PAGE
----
Namibia-Zambia: Efforts to Contain Locust Outbreak Ineffective
9 November – Reuters AlertNet reported that efforts by Namibia and neighboring Zambia to contain a locust outbreak have proven ineffective, according to a Famine Early Warning Systems Network (FEWS NET) report. FEWS NET called for better cooperation between the two countries to counter the threat posed to crops. The Namibian Ministry of Agriculture Water and Rural Development (MAWRD) has been attempting to spray the locusts, which have already reached swarming stage. Namibian authorities are constrained by the fact that the country is not a member of the International Red Locust Control Organisation (IRLO), which offers access to expertise and resources to tackle infestations, Kahijoro Kahuure, the permanent secretary of MAWRD, told IRIN. The network has called on the IRLO to resolve the issue of Namibian membership and come up with a cost structure and insecticides for spraying operations in both Namibia and Zambia. View Article

Netherlands: Feed Contaminated with Dioxin
6 November – ProMED reported that over 160 dairy and livestock farms in Holland have been temporarily shut down, following the discovery of dioxin contamination in some of the feed given to the animals. In October 2004, routine sampling of Dutch milk picked up unacceptably high levels of dioxins. An investigation by the Food and Consumer Product Safety Authority soon traced this back to a dairy farm in Lelystad, which was immediately isolated. The source of contamination was potato peelings from a potato processing plant. The peelings had been contaminated by marly clay used in

the washing and sorting process and sold to various livestock farms. Some 162 pig, cattle, sheep, and goat farms in Holland have also been temporarily closed. View Article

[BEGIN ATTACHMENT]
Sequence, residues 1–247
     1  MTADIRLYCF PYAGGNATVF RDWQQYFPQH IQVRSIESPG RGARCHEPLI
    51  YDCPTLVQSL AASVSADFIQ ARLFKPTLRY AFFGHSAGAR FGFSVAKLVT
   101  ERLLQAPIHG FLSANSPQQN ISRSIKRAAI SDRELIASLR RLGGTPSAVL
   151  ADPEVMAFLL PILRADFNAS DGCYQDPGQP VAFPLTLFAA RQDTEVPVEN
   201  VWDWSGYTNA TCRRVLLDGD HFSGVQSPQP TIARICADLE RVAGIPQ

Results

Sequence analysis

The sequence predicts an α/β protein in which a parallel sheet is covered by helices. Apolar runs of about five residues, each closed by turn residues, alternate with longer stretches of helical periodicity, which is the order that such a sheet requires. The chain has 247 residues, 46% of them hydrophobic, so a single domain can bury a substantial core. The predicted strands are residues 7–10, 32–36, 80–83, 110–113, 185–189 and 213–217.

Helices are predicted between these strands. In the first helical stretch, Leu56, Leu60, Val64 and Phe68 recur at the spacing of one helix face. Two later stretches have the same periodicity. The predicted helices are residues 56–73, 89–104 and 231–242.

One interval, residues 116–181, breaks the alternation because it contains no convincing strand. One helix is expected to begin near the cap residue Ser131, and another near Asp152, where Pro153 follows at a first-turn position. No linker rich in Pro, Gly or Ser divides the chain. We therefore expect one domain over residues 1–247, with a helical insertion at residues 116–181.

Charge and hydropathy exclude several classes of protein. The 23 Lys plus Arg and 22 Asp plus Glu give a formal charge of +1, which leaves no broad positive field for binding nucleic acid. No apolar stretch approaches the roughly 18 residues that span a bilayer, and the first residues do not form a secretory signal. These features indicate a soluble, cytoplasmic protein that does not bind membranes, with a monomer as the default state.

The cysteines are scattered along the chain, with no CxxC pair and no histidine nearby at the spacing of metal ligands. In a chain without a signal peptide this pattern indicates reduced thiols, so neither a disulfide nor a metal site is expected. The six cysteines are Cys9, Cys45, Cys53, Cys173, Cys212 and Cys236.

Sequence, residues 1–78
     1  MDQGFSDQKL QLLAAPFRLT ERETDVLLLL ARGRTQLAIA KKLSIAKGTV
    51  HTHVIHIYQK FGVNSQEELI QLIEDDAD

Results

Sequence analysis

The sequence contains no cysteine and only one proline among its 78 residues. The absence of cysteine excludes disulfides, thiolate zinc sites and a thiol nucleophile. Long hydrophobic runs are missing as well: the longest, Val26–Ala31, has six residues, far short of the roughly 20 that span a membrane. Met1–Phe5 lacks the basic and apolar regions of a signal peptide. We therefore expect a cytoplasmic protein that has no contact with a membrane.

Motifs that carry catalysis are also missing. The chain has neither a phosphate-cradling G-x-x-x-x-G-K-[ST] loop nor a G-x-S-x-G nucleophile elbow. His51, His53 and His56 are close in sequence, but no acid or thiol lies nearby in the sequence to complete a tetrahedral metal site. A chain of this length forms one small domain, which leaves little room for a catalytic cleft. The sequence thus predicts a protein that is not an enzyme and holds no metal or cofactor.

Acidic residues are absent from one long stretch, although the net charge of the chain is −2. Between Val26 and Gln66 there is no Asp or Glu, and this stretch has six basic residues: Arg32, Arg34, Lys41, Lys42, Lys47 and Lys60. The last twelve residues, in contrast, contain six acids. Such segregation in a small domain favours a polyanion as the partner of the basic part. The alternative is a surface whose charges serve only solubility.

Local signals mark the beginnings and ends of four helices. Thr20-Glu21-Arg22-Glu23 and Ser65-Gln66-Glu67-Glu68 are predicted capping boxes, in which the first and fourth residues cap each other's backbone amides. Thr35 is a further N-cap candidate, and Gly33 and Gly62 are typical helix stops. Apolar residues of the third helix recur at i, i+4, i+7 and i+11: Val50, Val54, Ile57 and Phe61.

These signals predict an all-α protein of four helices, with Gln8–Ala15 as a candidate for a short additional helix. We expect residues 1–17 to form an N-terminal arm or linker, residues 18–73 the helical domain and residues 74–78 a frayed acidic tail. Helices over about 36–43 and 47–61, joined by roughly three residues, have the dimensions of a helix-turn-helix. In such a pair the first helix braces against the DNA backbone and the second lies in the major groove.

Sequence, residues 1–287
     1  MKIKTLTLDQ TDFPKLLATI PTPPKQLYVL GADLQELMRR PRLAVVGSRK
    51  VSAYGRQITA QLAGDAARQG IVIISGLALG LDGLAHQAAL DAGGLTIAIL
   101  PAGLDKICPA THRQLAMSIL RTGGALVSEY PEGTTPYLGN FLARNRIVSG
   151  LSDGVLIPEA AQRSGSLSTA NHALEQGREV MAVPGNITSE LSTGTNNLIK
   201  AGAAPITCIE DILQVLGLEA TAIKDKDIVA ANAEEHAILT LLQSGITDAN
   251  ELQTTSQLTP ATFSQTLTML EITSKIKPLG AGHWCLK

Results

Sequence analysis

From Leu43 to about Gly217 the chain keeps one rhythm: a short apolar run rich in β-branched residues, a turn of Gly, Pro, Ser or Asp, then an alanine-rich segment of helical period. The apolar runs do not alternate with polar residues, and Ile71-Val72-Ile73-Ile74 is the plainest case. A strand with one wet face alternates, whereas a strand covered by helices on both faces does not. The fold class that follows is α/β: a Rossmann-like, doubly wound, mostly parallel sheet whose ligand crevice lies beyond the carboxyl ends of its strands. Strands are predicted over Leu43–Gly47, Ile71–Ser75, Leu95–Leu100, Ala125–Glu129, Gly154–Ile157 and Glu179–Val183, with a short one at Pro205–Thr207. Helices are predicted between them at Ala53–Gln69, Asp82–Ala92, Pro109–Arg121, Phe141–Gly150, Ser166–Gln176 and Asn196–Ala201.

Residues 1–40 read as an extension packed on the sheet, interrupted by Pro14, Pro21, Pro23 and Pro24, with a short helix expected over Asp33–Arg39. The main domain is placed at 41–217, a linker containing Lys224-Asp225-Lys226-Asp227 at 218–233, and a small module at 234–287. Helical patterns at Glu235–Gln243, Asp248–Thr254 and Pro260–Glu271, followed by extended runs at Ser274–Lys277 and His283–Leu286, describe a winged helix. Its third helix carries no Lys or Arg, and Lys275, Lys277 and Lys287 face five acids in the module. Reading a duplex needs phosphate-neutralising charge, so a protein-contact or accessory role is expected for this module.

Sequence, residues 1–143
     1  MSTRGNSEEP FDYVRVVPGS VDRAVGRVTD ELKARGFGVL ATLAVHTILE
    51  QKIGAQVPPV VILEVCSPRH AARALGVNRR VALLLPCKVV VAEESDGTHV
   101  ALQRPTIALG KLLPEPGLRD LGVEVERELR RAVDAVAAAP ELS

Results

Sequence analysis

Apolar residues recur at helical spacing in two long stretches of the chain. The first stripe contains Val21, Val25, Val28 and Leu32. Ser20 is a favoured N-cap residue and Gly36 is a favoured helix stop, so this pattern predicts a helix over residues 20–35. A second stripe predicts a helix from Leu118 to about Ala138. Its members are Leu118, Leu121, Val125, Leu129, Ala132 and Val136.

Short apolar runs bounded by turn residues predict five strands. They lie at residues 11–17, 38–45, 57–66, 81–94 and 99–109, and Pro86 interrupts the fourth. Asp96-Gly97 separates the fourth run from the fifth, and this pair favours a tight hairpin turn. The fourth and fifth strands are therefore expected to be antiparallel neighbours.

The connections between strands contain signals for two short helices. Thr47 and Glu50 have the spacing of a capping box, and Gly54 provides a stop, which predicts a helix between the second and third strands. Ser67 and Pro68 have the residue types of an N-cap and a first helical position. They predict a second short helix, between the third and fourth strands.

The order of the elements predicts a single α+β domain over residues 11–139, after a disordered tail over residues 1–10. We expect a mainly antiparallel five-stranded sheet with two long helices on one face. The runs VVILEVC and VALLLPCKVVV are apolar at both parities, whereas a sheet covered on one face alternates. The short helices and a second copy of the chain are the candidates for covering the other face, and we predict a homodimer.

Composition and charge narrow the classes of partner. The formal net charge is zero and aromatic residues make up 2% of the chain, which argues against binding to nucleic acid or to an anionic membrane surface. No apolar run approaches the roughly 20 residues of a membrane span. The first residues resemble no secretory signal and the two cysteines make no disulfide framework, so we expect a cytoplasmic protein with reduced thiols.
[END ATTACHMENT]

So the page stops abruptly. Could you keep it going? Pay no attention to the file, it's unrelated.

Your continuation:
'Staggering' Death Rates in Uganda Camps
8 November – BBC News reported that the international medical relief organization, Medecins sans Frontieres, has called for urgent action in northern Uganda. Over 1.6 million people have been displaced by conflict and live in squalid conditions where mortality rates are high. MSF has found what it describes as staggering death rates in the camps for the displaced with people dying from preventable diseases; malaria, respiratory disease and diarrhea. MSF says the population is extremely vulnerable due to insufficient food, access to water and the presence of endemic malaria. It says the most alarming mortality rates are for children under the age of 5. MSF research in six refugee camps in Lira and Pader districts found a crude mortality rate of 2.8 deaths per 10,000 people per day. "The mortality rate was even more alarming among children under five years of age, at 5.4 deaths per 10,000 children a day, with the rate as high as 10.5 deaths per 10,000 children a day in one location," MSF said. View Article

Uganda: Cholera Overwhelms Kilembe Hospital
4 November – AllAfrica.com reported that Kilembe Hospital in Kasese district does not have enough personnel to handle both routine work and cholera, which hit the district on Saturday. The medical superintendent, Dr. Julius Bamwine, on Monday said the number of cholera patients had increased from 26 on Sunday to 35, with one death reported. "All cases are from Nyakasanga parish of Kasese town council and politicians must come in to save the situation. We have not received any reinforcement in terms of personnel at all," he said. Nyakasanga is the most populated area of Kasese town. The patients were being treated under a tent, which could not accommodate all the patients. Some of the patients were lying outside the tent but within the quarantine area. View Article